Unknown Pond Peak is the 100th highest mountain on the New Hampshire Hundred Highest peakbagging list, a list that I’ve been slowly working on since 2012. I haven’t done an off-trail trail hike for a while since I’ve been pursuing The White Mountains 4000 Footer Grid for the past two years (hiking the 48 four thousand footers in each calendar month of the year). But I’m now “grid-locked” until November, having finished the 48 in June, July, August, September, and October, so I can’t make any more headway until November, December, and January come around again.
With that said, I decided to climb Unknown Pond Peak because it’s a short easy bushwhack that would give me a chance to dust off my compass and GPS navigation skills and help me rebuild my off-trail navigation confidence back up again. I’ve done enough off-trail hiking to know that there are aspects and intuitions that can become atrophied if not used on a regular basis and that it’s prudent to gradually ramp up again over a sequence of more challenging routes before tackling the “big stuff” that remains.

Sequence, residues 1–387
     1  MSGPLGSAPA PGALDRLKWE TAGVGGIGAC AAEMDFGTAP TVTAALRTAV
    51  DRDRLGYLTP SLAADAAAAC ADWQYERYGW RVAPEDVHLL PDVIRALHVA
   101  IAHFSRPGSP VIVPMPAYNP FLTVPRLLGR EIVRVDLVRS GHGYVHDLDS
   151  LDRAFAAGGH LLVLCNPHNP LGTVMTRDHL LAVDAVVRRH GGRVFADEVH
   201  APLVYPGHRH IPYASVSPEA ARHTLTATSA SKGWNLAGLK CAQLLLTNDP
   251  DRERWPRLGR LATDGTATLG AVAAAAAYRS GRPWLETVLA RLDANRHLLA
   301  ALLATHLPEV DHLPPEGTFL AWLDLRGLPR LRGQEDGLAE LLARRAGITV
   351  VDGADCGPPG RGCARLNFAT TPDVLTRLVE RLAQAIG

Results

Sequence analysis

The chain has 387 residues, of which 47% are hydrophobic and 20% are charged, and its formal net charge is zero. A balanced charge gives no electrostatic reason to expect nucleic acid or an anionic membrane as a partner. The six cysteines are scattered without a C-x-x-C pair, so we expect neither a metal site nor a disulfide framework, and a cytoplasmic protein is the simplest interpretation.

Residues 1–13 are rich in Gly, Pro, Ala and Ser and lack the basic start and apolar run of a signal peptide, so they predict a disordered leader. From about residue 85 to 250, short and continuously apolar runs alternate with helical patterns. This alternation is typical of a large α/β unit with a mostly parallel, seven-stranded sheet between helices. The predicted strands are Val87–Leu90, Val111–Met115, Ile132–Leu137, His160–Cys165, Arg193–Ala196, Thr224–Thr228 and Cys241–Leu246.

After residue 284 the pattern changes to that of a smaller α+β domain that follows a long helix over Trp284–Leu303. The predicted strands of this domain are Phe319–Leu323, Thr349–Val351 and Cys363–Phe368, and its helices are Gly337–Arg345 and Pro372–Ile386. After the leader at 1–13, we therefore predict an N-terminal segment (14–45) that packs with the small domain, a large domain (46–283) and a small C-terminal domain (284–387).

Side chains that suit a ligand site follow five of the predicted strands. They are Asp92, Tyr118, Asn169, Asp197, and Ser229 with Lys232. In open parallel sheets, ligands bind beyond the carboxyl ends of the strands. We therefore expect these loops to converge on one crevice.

While I’ve loved gridding these past two years, there’s something deeply satisfying about hiking off-trail for me and the heightened level of awareness it requires versus following a well-marked and heavily trodden trail. Whereas the goal of gridding it to bag a summit often by hiking a well-blazed trail, the goal of off-trail hiking for me is in choosing an “elegant” route to reach the summit that minimizes the amount of energy required. This combines some upfront planning with local optimizations which can only be discovered on the ground because the local geography and vegetation coverage is not represented adequately on maps and can only be experienced firsthand. Topographic maps have limitations (“they lie”) in between the contour intervals, something that you can readily appreciate when hiking off-trail when small cliffs and toppled trees block your route.
Unknown Pond Peak is also located in the Kilkenny Region of the White Mountains, north of Berlin NH, and way off the beaten track. A veritable rainforest, the trees of the Kilkenny are often bearded with stringy moss and hanging vegetation, not unlike a witch’s forest in children’s fairytales. Despite this, it’s a pretty benign place dotted with small ponds, beaver dams, small streams, and smaller-sized hills with good hiking trails and campsites. There are also some scenic highlights in the region including the Devil’s Hopyard, Roger’s Ledge, Mt Cabot, The Horn and The Buldge, Mt Waumbek, and North, Middle, and South Weeks Mountains that are well worth a visit.